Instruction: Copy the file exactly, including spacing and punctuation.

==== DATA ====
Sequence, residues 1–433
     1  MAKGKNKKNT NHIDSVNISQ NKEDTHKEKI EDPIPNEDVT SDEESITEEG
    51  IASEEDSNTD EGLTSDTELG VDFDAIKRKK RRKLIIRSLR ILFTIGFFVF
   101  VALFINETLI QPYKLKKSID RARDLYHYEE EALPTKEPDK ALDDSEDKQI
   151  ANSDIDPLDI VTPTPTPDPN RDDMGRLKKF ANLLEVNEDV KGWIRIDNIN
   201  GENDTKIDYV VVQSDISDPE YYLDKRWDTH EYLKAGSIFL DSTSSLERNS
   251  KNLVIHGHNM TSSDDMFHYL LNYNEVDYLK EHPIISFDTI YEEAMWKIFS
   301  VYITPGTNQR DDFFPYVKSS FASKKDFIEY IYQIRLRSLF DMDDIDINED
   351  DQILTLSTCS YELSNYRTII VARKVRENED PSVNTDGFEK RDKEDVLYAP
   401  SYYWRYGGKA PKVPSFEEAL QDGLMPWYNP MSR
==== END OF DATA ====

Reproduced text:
Sequence, residues 1–433
     1  MAKGKNKKNT NHIDSVNISQ NKEDTHKEKI EDPIPNEDVT SDEESITEEG
    51  IASEEDSNTD EGLTSDTELG VDFDAIKRKK RRKLIIRSLR ILFTIGFFVF
   101  VALFINETLI QPYKLKKSID RARDLYHYEE EALPTKEPDK ALDDSEDKQI
   151  ANSDIDPLDI VTPTPTPDPN RDDMGRLKKF ANLLEVNEDV KGWIRIDNIN
   201  GENDTKIDYV VVQSDISDPE YYLDKRWDTH EYLKAGSIFL DSTSSLERNS
   251  KNLVIHGHNM TSSDDMFHYL LNYNEVDYLK EHPIISFDTI YEEAMWKIFS
   301  VYITPGTNQR DDFFPYVKSS FASKKDFIEY IYQIRLRSLF DMDDIDINED
   351  DQILTLSTCS YELSNYRTII VARKVRENED PSVNTDGFEK RDKEDVLYAP
   401  SYYWRYGGKA PKVPSFEEAL QDGLMPWYNP MSR